Creative Freedom Through Fiction
Mary Carlomagno is a nationally recognized organizing expert and spokesperson with several published books on organization and simple living to her credit. An enviable career in its own right, but still: “I think I always in my heart wanted to write fiction,” she says. So Carlomagno got herself organized and began diversifying her writing. Having written her previous organizing book in the first person, it was natural that she would also write “Best Friend for Hire” from that perspective.
With a successful career that comes from being orderly and regimented, it’s not surprising that Carlomagno found the fiction-writing process freeing. She enjoyed creating characters, particularly her book’s main character, Jessie. “I like that she gets knocked down a lot but still gets up. I think sometimes we as humans want to dwell on that depression and on the not-getting-up part.”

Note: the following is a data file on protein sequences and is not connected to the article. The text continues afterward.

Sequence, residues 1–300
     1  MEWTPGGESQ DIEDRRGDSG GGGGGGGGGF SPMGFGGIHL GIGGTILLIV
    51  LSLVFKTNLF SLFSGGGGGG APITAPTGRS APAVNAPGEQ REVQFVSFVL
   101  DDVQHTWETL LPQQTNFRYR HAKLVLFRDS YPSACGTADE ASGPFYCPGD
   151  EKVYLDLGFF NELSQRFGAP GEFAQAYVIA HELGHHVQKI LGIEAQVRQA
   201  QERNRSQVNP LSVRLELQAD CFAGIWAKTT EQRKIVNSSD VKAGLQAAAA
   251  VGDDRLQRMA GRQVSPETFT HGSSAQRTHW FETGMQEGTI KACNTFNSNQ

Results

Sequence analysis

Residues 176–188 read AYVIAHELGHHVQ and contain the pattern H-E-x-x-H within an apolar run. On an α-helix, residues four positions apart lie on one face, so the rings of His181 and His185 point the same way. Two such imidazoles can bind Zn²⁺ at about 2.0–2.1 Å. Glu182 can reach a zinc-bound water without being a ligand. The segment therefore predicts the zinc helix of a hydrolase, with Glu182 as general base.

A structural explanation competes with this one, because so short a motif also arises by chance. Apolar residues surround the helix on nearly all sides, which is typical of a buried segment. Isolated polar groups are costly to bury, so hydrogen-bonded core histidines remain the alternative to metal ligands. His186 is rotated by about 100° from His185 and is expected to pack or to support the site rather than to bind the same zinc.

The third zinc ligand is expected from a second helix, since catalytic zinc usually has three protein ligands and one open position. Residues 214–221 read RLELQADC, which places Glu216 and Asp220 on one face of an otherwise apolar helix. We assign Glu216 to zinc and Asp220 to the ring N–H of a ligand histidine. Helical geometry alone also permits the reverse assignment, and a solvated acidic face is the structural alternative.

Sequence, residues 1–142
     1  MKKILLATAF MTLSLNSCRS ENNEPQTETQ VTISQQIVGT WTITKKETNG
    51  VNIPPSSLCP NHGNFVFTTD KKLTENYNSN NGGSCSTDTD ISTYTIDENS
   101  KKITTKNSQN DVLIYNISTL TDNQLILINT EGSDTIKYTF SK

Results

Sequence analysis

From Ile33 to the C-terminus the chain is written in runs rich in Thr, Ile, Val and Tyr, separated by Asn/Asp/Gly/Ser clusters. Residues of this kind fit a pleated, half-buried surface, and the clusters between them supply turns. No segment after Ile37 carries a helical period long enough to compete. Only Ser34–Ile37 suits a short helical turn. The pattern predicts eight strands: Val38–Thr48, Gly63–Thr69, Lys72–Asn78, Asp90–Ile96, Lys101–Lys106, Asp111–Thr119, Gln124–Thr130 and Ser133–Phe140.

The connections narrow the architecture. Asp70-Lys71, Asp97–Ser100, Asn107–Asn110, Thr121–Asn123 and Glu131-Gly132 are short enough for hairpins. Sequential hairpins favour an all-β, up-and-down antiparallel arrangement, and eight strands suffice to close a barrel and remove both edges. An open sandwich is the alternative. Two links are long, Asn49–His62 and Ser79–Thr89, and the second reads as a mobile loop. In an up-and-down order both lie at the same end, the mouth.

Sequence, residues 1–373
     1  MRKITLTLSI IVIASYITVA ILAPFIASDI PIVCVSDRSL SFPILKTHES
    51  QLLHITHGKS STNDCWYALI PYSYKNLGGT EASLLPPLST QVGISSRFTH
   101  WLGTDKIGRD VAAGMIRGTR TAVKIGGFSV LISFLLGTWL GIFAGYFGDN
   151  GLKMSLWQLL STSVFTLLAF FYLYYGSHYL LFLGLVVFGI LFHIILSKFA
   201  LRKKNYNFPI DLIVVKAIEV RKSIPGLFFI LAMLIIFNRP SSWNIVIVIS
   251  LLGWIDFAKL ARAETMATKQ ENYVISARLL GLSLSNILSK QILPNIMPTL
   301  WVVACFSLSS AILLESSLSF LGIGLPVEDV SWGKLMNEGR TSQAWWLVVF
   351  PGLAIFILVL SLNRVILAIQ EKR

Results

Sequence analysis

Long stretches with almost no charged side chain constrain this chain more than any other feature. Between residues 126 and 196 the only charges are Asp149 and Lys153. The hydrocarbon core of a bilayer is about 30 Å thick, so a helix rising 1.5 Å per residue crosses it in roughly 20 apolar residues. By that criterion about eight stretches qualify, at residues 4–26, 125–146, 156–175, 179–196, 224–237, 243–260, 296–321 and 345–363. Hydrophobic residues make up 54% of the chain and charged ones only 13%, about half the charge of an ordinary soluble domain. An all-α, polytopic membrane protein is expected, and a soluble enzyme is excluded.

Whether people are held back in life by mental clutter or actual clutter, Carlomagno thinks Jessie can be an inspiration: “She has that indomitable spirit.”
Thriller on the Rails
Hollywood seems a bit nostalgic these days with its remakes of classics–and we’re not complaining. In fact, we’re rereading Agatha Christie’s famous whodunit “Murder on the Orient Express” to prepare for the killer new movie coming out this November.
Here’s a taste of it: A billionaire’s body is found on a train. An avalanche prevents the train from getting any further, meaning that the murderer is still on the train. Luckily, detective extraordinaire Hercules Poirot (Kenneth Branagh) is also on the train and on the case.
Everyone’s a suspect, and practically everyone is a star, too: Johnny Depp, Michelle Pfeiffer, Judi Dench, Josh Gad, and Willem Dafoe are just a few of the critically acclaimed actors along for the ride.
By Barbara Bellesi Zito